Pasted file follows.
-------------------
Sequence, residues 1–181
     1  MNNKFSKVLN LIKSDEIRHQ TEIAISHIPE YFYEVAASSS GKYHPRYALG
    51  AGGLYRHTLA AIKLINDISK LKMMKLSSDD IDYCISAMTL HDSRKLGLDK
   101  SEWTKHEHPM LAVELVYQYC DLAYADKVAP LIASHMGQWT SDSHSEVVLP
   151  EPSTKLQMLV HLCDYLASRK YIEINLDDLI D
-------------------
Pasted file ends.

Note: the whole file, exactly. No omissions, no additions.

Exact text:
Sequence, residues 1–181
     1  MNNKFSKVLN LIKSDEIRHQ TEIAISHIPE YFYEVAASSS GKYHPRYALG
    51  AGGLYRHTLA AIKLINDISK LKMMKLSSDD IDYCISAMTL HDSRKLGLDK
   101  SEWTKHEHPM LAVELVYQYC DLAYADKVAP LIASHMGQWT SDSHSEVVLP
   151  EPSTKLQMLV HLCDYLASRK YIEINLDDLI D